Throughout their careers, Lionel Messi and Cristiano Ronaldo have battled for superiority, and this month both will compete at their fourth World Cup finals.
Neither star has managed to yet get their hands on the most coveted trophy in football – indeed, they have only appeared in one final between them so far.
Here, Sportsmail examines the World Cup careers of Messi and Ronaldo so far, and which can claim to have the upper hand. . .
Making his debut a year before the tournament, 18-year-old Messi was a bit-part player in Germany, starting just one game – a Group C dead rubber against Holland.
However he showed his potential with a first World Cup goal, an 88th-minute finish to put the gloss on a thumping 6-0 win over Serbia and Montenegro.
Messi was left on the bench for Argentina’s quarter-final against Germany, and could only watch on as the hosts dumped his country out on penalties.
Having won the first of four consecutive Ballons D’Or as Barcelona dominated under the reign of Pep Guardiola, Messi was now Argentina’s key man.
He played every minute of the tournament for Diego Maradona’s side, but could not find the net as he went five games without a goal.
Messi’s high point was two assists in a 4-1 Group B win over South Korea. The low point was the 4-0 quarter-final thumping at the hands of Germany.
After a domestic season without silverware but personally at the height of his powers, the 2014 World Cup was supposed to belong to Messi.
At first it looked that way as he scored in every group game, including a stunning late winner against Iran. However he did not score in the knock-outs, and did not even provide an assist after the last 16 win over Switzerland.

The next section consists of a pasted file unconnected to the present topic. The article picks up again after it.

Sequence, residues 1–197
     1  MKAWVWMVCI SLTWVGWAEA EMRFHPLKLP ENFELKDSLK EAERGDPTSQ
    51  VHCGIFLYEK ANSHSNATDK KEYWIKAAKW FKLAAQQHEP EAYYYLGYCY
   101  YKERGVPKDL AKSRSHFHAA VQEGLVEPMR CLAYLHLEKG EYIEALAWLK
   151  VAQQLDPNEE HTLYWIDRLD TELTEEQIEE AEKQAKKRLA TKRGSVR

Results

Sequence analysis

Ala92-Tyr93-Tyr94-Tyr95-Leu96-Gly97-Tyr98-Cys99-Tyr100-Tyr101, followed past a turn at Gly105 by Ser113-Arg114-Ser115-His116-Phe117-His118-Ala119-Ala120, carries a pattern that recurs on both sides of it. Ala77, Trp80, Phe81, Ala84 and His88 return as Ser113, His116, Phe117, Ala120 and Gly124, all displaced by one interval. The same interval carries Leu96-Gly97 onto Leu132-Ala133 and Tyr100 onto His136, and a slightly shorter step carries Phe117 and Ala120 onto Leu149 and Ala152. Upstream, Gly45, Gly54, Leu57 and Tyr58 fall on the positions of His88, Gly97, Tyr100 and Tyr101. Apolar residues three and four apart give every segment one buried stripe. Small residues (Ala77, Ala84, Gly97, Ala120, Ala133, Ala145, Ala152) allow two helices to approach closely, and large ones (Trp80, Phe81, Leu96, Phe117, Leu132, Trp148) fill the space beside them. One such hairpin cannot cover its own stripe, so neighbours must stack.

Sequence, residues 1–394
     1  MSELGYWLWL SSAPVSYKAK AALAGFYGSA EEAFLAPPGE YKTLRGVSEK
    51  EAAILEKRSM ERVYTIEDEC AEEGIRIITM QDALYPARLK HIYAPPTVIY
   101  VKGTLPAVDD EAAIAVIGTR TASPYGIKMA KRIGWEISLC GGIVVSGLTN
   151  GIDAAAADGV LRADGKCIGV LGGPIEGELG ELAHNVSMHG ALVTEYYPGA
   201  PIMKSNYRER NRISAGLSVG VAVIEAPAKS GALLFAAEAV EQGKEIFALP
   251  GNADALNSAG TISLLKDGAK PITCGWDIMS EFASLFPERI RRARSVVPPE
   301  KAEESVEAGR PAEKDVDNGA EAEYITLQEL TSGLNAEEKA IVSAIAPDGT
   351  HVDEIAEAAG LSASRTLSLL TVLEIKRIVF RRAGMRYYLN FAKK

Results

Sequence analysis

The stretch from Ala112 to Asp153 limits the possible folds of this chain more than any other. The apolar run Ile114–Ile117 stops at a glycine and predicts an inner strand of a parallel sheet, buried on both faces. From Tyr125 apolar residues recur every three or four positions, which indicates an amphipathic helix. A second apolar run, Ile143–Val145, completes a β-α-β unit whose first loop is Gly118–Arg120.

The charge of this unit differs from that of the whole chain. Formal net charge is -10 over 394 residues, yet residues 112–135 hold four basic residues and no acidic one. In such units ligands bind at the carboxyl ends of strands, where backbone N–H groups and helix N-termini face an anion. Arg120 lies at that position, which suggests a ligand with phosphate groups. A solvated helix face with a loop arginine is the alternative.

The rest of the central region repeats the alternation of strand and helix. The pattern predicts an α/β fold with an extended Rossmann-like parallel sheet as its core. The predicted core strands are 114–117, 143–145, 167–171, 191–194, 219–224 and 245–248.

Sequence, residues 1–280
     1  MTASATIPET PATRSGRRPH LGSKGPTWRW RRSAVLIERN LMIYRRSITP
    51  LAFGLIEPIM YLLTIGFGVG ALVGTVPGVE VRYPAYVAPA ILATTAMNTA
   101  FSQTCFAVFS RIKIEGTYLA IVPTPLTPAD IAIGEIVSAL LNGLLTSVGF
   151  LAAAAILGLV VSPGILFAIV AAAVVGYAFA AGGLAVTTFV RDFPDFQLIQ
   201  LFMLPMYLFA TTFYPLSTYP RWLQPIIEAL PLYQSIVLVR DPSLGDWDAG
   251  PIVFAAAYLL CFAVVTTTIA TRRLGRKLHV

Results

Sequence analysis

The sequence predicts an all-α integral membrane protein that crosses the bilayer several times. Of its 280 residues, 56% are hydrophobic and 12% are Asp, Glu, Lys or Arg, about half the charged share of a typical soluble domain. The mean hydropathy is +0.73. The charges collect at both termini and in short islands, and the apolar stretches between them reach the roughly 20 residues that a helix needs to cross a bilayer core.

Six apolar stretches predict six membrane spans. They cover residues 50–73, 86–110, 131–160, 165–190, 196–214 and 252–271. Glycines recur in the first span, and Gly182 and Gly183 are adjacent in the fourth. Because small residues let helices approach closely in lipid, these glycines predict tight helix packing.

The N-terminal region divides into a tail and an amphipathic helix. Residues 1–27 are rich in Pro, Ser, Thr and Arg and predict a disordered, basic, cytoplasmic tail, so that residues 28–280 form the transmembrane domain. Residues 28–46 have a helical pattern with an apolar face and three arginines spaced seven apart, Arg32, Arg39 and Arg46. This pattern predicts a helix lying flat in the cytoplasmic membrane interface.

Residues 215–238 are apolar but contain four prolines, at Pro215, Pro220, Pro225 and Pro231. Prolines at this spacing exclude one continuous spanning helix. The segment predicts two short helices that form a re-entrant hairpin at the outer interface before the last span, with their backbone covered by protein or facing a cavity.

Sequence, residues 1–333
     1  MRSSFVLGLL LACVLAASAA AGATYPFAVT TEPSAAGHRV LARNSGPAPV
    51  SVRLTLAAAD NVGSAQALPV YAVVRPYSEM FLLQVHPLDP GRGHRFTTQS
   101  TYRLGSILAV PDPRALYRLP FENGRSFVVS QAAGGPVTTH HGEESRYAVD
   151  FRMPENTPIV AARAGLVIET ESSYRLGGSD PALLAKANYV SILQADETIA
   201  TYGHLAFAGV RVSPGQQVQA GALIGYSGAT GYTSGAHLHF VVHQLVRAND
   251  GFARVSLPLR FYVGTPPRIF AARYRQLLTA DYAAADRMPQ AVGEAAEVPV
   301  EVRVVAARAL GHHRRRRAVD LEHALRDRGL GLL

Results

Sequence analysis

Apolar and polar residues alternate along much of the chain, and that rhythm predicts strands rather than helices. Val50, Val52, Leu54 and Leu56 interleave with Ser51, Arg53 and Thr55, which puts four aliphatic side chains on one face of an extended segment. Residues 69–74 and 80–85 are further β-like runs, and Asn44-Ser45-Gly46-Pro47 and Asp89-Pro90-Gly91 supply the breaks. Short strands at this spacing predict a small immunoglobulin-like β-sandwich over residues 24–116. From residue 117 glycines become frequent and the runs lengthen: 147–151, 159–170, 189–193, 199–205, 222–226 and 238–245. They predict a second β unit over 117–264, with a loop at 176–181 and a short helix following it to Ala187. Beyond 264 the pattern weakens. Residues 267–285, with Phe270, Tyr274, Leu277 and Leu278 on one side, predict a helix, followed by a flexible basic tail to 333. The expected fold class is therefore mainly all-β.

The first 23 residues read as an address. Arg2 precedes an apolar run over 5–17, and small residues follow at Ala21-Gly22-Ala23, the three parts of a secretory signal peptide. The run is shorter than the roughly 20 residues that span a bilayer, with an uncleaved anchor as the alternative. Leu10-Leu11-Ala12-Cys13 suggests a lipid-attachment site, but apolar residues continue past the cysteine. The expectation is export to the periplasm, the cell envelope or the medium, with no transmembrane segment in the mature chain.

Messi was below par in the final as Argentina were yet again thwarted by Germany. Despite this he was named player of the tournament, and looked thoroughly miserable as he collected the award.
Following his tears in the Euro 2004 final, the then-Manchester United star announced himself on the World Cup stage by helping portugal match their best ever run, to the semi-finals.
Ronaldo only started one of Portugal’s first four games – a 2-0 win over Iran, in which he scored his first World Cup goal – before his starring role in the quarter final victory over England.
He became English public enemy No 1 for his wink after Wayne Rooney was sent off, and a national hero at home for scoring the winning penalty in the shoot-out. However a semi-final loss to France ended Ronaldo’s dream.
In 2010, Ronaldo had moved to Real but was yet to win the four Champions Leagues or four Ballons D’Or at the Bernabeu that have made him a modern legend.
In fact, although he played every minute Portugal were in action, Ronaldo had a low-key World Cup, save for a scrambled goal in the 7-0 battering of North Korea.
Those seven goals were the only ones managed by Portugal all tournament, as goalless draws with Ivory Coast and Brazil set up a last 16 tie with Spain. It was more tears for Ronaldo as their Iberian rivals won 1-0 on their way to the title.
There is good cause to suggest the 2014 World Cup represents the lowest point of Ronaldo’s entire career. He was a Champions League winner, a Ballon D’Or holder, captain of his country –the pressure was on.
Portugal, and Ronaldo, crumbled. The tone was set with a 4-0 hammering at the hands of Germany, before being held to a 2-2 draw by the USA.
Ronaldo kept up his record of scoring once in every World Cup he played at with an 80th minute winner against Ghana, but it was not enough as Portugal crashed out of Group G. – Daily Mail.